Rhoda Bloom Kosher Food Pantry

One in six Americans is affected by “food insecurity” – the lack of consistent, dependable access to food due to limited money or resources. Rockland Jewish Family Service works to alleviate hunger in our community through the Rhoda Bloom Kosher Food Pantry, which delivers kosher food to anyone in need in Rockland.

RJFS is part of Rockland Community Against Hunger (RCAH) which is a collaboration to provide information, raise awareness, mobilize support, & educate the community about healthy food & nutrition. For more information please visit http://www.rocklandhunger.org/

 

For more information about how to apply to the Food Pantry please contact Kathryn Samalin, 845-354-2121 ext.140 or email her at ksamalin@rjfs.org.

 

We welcome all to volunteer at our monthly distributions. We need volunteers from 8:30AM-12Noon. If you want to bring a group please contact Kathryn prior to the distribution. 

Food pantry distribution dates for 2017 (and the synagogues that volunteer each month):

RHODA BLOOM KOSHER FOOD PANTRY
CALENDAR 2017

JANUARY 15, 2017 ALL
FEBRUARY 19, 2017  NANUET HEBREW CENTER Purim
MARCH 19, 2017 ALL
APRIL 2, 2017 ALL – PASSOVER
MAY 7, 2017 KEHILAT NEW HEMPSTEAD Shavuot
JUNE 11, 2017 CONG. SHAREI ISRAEL BAIS TORAH
JULY 16, 2017 REFORMED TEMPLE OF ROCKLAND
AUGUST 13, 2017 NEW CITY JEWISH CENTER
SEPTEMBER 10, 2017 ALL – ROSH HASHANAH
OCTOBER 15, 2017 CSI – NYACK
NOVEMBER 19, 2017 MONTEBELLO JEWISH CENTER Thanksgiving
DECEMBER 10, 2017 ORANGETOWN JEWISH CENTER Chanukah

 

(The following was written by Marla Cohen for the Jewish Federation of Rockland County’s website, www.jewishrockland.org. Reprinted with permission.)

Since 1995, the Rhoda Bloom Kosher Food Pantry has seen the population it serves increase from an initial five needy families to slightly more than 100 today. And while recent trouble in the economy hasn’t sent that number surging, those who work at the pantry say they have seen a subtle shift in the population that the pantry is serving.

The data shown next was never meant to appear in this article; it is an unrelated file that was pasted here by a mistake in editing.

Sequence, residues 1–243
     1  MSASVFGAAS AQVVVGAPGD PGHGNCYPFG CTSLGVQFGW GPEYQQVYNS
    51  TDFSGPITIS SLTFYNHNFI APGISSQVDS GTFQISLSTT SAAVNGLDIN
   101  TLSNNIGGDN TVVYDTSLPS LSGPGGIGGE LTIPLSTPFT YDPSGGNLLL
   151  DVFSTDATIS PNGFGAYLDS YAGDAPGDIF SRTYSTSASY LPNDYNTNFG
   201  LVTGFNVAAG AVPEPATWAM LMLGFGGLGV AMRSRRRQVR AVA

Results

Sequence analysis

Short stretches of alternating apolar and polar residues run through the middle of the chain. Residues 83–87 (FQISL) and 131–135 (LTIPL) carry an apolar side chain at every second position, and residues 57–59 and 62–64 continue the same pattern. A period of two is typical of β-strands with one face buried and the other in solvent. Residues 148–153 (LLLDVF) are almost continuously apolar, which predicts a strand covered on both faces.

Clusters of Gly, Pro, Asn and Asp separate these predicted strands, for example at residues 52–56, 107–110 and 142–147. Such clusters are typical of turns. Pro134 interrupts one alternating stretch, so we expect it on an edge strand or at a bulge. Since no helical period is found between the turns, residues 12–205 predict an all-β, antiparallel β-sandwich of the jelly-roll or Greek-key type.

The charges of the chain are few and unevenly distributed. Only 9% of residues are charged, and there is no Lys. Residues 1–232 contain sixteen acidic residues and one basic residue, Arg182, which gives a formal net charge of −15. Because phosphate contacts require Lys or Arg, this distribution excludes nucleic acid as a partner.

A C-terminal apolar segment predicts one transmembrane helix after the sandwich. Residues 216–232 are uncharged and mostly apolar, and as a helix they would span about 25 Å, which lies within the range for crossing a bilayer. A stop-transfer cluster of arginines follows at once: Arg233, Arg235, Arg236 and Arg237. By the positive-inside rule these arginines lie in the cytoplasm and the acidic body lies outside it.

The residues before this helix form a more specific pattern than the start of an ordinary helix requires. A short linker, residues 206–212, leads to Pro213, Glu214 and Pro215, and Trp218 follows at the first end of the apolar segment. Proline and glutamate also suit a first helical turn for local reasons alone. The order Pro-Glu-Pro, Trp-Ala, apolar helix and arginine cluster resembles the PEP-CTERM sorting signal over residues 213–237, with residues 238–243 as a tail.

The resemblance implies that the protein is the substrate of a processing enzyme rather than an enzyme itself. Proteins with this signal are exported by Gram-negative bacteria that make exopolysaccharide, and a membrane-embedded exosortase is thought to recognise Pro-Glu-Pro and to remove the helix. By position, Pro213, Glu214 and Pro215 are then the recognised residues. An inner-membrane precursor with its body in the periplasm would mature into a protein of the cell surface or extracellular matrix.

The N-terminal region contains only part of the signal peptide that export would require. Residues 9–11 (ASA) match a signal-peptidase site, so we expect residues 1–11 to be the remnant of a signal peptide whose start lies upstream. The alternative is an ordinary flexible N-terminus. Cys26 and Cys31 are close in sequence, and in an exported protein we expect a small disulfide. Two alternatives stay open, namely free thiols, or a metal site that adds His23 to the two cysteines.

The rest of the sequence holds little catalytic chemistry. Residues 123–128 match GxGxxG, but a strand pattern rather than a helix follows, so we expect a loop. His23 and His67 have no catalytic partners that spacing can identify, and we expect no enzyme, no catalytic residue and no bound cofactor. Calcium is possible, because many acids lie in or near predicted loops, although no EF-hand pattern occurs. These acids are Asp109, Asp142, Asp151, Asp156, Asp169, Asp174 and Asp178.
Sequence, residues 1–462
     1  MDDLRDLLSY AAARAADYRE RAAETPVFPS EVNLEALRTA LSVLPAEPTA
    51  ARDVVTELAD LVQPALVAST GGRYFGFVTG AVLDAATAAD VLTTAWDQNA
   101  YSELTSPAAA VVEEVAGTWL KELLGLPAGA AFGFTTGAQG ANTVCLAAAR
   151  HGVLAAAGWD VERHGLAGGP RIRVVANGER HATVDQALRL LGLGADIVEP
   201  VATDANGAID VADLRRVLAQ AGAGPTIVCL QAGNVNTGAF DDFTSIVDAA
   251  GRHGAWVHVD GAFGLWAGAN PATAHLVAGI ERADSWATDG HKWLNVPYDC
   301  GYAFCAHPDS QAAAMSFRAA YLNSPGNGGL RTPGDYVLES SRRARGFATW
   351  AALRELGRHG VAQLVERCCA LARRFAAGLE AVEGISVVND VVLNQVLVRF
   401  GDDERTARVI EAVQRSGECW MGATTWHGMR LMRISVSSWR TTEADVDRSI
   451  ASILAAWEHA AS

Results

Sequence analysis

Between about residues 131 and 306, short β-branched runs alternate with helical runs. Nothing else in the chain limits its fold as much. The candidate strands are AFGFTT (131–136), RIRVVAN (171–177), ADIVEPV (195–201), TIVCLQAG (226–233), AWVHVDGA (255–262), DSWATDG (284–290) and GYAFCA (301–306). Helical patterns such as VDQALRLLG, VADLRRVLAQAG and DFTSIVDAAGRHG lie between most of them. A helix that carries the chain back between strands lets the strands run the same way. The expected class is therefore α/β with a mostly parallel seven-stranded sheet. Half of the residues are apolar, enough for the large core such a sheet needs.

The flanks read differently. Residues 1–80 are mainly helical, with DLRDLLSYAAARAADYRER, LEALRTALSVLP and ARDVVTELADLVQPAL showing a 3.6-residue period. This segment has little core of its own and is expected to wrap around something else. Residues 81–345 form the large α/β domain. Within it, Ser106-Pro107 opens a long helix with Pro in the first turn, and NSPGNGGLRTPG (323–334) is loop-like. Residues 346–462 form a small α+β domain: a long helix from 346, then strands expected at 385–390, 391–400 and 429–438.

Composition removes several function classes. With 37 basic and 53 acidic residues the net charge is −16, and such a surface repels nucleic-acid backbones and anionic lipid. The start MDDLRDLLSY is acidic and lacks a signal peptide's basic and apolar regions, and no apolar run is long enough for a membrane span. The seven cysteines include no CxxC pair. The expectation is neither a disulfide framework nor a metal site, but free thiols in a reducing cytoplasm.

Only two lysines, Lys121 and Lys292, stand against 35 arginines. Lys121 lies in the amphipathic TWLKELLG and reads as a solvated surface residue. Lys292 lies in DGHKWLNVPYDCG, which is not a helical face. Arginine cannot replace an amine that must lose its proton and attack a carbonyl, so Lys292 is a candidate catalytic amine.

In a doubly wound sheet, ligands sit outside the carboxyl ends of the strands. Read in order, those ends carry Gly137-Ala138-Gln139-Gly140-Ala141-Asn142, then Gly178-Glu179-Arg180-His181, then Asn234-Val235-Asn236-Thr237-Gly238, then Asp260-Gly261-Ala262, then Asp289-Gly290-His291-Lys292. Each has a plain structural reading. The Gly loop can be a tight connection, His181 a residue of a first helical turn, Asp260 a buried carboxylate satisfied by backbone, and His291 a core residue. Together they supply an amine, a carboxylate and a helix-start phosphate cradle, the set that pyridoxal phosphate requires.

“We used to have people in years past use us for six months and then drop out,” said Abby Bard, the volunteer coordinator for the pantry. “More people are staying with us now. Our newer families tend to be Americans coming to us because of harder economic times.”

Most of the families the pantry serves are Russian immigrants, many who have been with the program from its inception, Bard said. Those clients tend to be elderly and they tend to be single or in couples without children. And while they continue to use the pantry, more clients are showing up who are native-born and who have larger families.

She attributed the shift to the increasing fuel and energy costs and harder economic times in general, though not to any one thing. And she expected that the need may grow in the coming months.

“I have a feeling that we’ll see more this year,” said Bard, who has been working at the pantry for about nine years. “Not as much as a general food pantry, who see immigrants and day laborers, but we’re seeing more families. We’re seeing parents with seven kids, and with the economic times harder, it’s a domino thing.”

The pantry got its start 12 years ago when Mary Anne Shain of New City Jewish Center felt there was no one providing kosher food to those in need. She became the first coordinator and spurred her synagogue and then others to begin collecting food for distribution. Rhoda Bloom, for whom the pantry was named in 2003, became the second coordinator at about the same time the pantry became associated with Jewish Family Service of Rockland. Bloom died in 2005.

“She was involved from the very beginning,” said her husband, Gerald, who still volunteers at the pantry. “You can’t imagine how pleased she was when they named the pantry for her. Over the years she’d been involved in a lot of things, but this meant more to her than any of those things she’d been involved with.”